Trump: Remember That Time I Had To Sacrifice Real Marble For Fake? That Was Tough, Believe Me!

Donald Trump on Saturday pushed back on Democratic convention speaker Khazir Khan’s claim that Trump has “sacrificed nothing” for his country.

Khan’s son, a U.S. soldier, was killed in Iraq in 2004.

When asked about his personal sacrifices for the country in an interview with ABC News, Trump said that he has made sacrifices through his work.

“I think I’ve made a lot of sacrifices. I work very, very hard. I’ve created thousands and thousands of jobs, tens of thousands of jobs, built great structures. I’ve had tremendous success. I think I’ve done a lot,” Trump said.

Trump and Pence, sacrificing on their golden thrones.


Mitt Mansplains It To Hillary

From The Hill:

“You can’t forget that Hillary Clinton is a player as well, and she’s an awful candidate. People don’t trust her, they don’t like in my view she comes across as not being at all authentic. I don’t understand why it is she can’t be what I had expected her to be, which is Angela Merkel or Kathleen Sebelius,” Romney said.

“These are serious women leaders who don’t go into an audience and put their arms up in the air and make a big guffaw kind of smile. It’s almost like she’s acting like she’s Bill Clinton and she’s not Bill Clinton. Nonetheless, it doesn’t come across well.”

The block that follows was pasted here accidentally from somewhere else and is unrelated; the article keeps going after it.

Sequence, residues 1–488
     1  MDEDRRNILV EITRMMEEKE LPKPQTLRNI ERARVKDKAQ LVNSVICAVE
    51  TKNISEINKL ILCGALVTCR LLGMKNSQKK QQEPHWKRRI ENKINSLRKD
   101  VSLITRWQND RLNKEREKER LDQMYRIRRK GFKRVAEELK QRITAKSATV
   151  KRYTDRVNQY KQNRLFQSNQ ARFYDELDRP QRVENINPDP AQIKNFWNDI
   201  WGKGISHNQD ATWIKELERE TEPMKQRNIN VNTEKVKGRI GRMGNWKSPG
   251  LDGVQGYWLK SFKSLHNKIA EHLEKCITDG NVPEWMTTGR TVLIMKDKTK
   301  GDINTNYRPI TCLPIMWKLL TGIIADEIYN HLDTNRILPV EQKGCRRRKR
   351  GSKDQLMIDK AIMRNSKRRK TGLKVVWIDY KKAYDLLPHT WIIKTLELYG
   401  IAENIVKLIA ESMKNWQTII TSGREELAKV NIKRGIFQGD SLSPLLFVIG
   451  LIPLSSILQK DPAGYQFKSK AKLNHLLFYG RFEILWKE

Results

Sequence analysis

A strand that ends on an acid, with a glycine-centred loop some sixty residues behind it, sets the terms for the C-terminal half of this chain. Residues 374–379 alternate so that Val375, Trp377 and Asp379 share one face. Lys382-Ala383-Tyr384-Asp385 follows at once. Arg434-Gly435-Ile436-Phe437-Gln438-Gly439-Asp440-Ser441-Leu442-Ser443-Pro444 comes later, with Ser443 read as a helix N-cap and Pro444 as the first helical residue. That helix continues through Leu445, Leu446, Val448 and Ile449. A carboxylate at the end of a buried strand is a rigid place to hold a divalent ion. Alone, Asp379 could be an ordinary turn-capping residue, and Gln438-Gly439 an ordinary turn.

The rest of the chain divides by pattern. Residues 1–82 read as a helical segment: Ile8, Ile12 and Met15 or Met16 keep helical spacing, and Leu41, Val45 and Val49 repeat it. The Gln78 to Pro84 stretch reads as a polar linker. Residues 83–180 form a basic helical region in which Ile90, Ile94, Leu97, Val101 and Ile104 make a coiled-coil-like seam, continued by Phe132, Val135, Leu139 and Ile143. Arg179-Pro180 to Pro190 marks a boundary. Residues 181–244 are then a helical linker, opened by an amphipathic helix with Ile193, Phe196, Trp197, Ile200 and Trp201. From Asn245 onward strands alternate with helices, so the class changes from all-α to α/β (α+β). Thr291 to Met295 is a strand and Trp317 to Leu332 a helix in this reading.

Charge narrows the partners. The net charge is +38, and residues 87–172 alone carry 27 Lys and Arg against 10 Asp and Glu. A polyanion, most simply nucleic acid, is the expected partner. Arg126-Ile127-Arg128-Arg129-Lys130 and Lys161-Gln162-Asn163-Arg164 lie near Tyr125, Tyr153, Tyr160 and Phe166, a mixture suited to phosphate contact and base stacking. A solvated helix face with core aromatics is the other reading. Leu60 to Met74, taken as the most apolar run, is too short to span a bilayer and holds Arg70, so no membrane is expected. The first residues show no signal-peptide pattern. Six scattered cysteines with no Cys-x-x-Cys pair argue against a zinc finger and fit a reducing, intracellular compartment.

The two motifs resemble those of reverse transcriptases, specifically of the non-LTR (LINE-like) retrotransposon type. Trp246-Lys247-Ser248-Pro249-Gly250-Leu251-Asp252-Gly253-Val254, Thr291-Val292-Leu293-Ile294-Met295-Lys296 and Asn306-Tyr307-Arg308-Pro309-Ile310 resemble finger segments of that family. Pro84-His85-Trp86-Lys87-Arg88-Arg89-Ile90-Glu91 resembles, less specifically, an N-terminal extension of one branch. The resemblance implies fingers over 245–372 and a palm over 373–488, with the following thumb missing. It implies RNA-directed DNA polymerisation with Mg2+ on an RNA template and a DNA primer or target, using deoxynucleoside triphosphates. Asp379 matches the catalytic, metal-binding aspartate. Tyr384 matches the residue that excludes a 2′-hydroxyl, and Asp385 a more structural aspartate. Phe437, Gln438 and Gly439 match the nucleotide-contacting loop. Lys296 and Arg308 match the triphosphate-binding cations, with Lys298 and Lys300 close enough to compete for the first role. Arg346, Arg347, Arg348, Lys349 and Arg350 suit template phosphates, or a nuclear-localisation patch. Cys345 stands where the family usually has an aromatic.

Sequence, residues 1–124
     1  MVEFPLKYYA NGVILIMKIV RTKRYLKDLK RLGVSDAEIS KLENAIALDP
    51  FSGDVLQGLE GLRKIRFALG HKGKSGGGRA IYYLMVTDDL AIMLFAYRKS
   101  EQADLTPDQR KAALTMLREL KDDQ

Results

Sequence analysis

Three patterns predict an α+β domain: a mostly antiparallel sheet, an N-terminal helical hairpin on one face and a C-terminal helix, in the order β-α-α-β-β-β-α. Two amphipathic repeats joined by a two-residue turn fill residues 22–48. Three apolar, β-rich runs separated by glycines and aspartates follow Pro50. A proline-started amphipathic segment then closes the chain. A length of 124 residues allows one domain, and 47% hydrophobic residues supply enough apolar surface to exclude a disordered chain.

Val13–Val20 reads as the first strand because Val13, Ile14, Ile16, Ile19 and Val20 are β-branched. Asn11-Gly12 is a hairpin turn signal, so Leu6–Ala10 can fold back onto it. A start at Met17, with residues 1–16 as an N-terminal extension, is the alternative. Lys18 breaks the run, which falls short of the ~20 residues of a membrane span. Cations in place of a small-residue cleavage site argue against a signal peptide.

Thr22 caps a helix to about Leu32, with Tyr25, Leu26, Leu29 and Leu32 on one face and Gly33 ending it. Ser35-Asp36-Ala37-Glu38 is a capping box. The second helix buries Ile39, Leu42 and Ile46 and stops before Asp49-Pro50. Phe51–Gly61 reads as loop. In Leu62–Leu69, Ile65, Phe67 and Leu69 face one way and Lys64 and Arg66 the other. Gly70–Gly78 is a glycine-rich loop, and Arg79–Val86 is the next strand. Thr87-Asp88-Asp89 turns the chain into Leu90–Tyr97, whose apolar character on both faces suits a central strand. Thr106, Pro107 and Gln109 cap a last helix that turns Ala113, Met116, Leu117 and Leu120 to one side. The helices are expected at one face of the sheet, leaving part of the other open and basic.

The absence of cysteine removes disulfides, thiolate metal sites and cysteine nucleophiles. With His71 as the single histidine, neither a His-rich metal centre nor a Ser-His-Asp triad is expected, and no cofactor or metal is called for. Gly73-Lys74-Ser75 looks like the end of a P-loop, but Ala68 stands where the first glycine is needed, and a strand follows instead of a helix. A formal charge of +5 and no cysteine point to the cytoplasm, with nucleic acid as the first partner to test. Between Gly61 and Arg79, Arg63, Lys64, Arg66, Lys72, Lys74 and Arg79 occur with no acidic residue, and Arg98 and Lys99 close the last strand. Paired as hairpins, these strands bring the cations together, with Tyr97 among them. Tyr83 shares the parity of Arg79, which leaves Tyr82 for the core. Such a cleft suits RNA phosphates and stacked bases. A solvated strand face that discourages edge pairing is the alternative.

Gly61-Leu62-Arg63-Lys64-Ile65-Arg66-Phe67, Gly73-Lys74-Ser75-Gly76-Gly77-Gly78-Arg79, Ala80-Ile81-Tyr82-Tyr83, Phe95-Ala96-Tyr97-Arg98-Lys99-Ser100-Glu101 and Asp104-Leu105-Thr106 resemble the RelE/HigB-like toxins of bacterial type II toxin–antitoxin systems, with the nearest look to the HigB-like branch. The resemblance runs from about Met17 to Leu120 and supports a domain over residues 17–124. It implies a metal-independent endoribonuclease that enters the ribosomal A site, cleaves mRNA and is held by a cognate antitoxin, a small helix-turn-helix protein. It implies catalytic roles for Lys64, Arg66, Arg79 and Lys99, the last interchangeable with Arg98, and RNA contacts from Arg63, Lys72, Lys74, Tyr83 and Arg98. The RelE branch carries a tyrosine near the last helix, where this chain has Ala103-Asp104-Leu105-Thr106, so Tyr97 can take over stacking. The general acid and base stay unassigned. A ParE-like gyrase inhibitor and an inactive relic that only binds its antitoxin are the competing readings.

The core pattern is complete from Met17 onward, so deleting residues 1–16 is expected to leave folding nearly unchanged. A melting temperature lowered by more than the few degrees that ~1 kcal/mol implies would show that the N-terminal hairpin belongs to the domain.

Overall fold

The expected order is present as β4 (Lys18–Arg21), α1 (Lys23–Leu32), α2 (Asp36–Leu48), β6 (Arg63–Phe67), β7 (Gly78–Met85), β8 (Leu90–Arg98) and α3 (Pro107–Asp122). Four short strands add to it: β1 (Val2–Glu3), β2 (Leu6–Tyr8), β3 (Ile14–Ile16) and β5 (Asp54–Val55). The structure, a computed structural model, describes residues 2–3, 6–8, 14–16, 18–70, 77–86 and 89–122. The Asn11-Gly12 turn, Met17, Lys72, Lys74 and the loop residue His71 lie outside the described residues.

Do tell, Mitt.

I’m sure you have binders full of women who know how to act the way you “expect” them to. Maybe only men are allowed to guffaw, or laugh in that thoroughly “authentic” way you always do: “HA. HA. HA.”

Republican presidential candidate, former Massachusetts Gov. Mitt Romney, laughs as Sen. John McCain, R-Ariz., tells jokes as he campaigns in Hilton Head, S.C., Friday, Jan. 13, 2012.


The Inside Joke

Conservative columnist David Frum of The Atlantic:

“But unlike Richard Nixon, Donald Trump is not speaking for a silent majority. He is speaking for a despairing minority.

The range and reach of Trump’s voice will be inescapably limited by all the people he does not speak to. He does not speak to those rising and thriving in today’s America. He does not speak to entrepreneurs and business owners. He does not speak to people who work in creative industries or the sciences or technology. He does not speak to those who feel emancipated by the lifting of inherited cultural and physical limits. He does not speak to those who feel that this modern age, for all its troubles, is also a time of miraculous achievement and astonishing possibility.

I’ve compared Donald Trump to William Jennings Bryan, who forfeited the chance in 1896 to build an alliance of all those discontented with industrial capitalism because he only truly felt at home with rural people—and could not refrain from inflammatory language about cities and city people. Tonight this comparison seems even more valid than ever. Trump’s right about the shock of globalization and the disruption of migration. But it’s not enough to be right to become president, as Henry Clay famously quipped. You have to be right in the right way and at the right time. You have to be the right messenger to carry the right message.